- The Washington Times - Tuesday, November 19, 2002

Children held hostage in Spanish school

HOSPITALET DE LLOBREGAT, Spain A teenager with a knife took his sister and 19 other children hostage at his former school and held them for hours yesterday until a plainclothes officer overpowered him while delivering a pizza, officials said.

None of the students was hurt in the 3½-hour ordeal at the Casal de l'Angel school in this gritty, industrial town just south of Barcelona. All the hostages were 11 or 12 years old.


Terror threat shutters international schools

JAKARTA, Indonesia Major international schools remained closed in the Indonesian capital yesterday amid reports they are being targeted by al Qaeda operatives behind last month's bombings in Bali.

The U.S. and Australian embassies said Friday they had received "credible information" that schools attended by foreign students were at risk of terrorist attack.

The New York Times reported yesterday that al Qaeda members responsible for the Oct. 12 bombings on Bali that killed nearly 200 people were behind the school threats.


Venezuelan TV station attacked with bomb

CARACAS, Venezuela A bomb exploded at a Venezuelan television station critical of President Hugo Chavez's government, destroying three vehicles but causing no injuries, authorities said yesterday.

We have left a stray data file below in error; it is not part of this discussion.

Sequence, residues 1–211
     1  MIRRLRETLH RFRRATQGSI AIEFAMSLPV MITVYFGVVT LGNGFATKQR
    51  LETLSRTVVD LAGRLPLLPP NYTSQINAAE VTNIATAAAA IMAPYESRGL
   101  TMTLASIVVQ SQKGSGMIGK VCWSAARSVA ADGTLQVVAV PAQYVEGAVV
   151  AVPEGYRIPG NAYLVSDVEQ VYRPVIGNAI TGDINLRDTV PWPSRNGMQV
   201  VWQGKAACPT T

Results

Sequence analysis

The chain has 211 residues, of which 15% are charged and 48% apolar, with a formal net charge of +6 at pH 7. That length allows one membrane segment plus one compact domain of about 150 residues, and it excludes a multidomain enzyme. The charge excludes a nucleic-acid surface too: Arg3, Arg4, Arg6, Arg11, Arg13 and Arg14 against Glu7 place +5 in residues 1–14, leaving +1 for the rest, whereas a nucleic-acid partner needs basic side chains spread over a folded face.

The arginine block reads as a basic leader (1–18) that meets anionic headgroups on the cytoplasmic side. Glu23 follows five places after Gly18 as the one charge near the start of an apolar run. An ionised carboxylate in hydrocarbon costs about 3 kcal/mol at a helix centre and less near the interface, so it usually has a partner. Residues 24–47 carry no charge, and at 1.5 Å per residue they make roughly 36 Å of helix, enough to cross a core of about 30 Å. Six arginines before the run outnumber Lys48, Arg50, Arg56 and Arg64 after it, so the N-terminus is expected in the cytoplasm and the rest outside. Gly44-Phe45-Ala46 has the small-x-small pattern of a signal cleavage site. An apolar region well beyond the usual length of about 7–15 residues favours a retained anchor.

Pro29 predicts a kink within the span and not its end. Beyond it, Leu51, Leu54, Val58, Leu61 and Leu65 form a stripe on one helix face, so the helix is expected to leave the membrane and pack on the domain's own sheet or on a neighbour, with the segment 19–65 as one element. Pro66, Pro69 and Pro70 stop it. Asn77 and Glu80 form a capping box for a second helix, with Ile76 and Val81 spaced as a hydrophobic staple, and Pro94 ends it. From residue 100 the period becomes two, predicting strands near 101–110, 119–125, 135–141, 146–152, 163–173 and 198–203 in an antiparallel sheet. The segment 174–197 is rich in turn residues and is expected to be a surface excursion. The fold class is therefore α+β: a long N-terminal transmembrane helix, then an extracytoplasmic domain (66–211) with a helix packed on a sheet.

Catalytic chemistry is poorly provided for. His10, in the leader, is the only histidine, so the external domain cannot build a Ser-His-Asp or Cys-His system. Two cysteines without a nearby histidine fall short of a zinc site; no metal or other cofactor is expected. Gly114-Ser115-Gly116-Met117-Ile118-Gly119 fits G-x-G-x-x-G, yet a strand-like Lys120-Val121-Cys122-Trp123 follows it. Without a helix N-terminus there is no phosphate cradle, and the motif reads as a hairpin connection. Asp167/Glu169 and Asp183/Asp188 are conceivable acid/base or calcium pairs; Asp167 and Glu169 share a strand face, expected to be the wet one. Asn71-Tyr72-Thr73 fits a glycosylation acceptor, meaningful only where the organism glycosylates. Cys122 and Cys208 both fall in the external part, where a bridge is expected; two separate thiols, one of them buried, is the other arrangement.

The attack on Globovision late Sunday raised fears of increasing lawlessness in Caracas, Venezuela's capital, after the president ordered an army takeover of the city police force.


Turkey forms new government

ANKARA, Turkey Abdullah Gul, Turkey's new pro-Western prime minister, announced the makeup of the new government yesterday as his Islamic-rooted party formally took power in this predominantly Muslim but secular country.

President Ahmet Necdet Sezer approved the new Cabinet list that, Mr. Gul said, was formed entirely of members of the Justice and Development Party, which swept elections earlier this month. It is Turkey's first non-coalition government in 15 years.

Mr. Gul's party sought to distance itself from its Islamic roots, campaigning on secular issues such as economic recovery, social welfare and the drive to win membership in the European Union.


London terrorists held without bail

LONDON Three terrorism suspects whose arrest sparked fears of a gas attack on the London subway were ordered held without bail yesterday.

The three men were arrested Nov. 9 and charged under the Terrorism Act with possessing materials for the "preparation, instigation or commission" of terrorism. Media reports said they also had false identification papers.


American soldier put on trial in Korea

DONGDUCHEON, South Korea The court-martial of a U.S. soldier accused of negligent homicide in the road deaths of two South Korean girls opened yesterday at a U.S. military base.

Outside, about 100 protesters burned an American flag and hurled eggs over the fence.

Sgt. Fernando Nino faces up to six years in a U.S. prison if convicted in a case that triggered an outcry in South Korea, which host 37,000 American soldiers.


Smugglers nabbed with caviar in coffin

MOSCOW A coffin that gave off a suspicious whiff as it arrived by air in Russia's southern Krasnodar region contained 660 pounds of contraband caviar, Russia's interior ministry told Interfax news agency yesterday.

The coffin, which arrived on a flight from the Siberian city of Khabarovsk, was accompanied by a death certificate for the person it supposedly contained but instead disgorged a stash of red salmon caviar.

The salmon's eggs are highly prized by Russian palates and are more affordable than the black caviar of the sturgeon.


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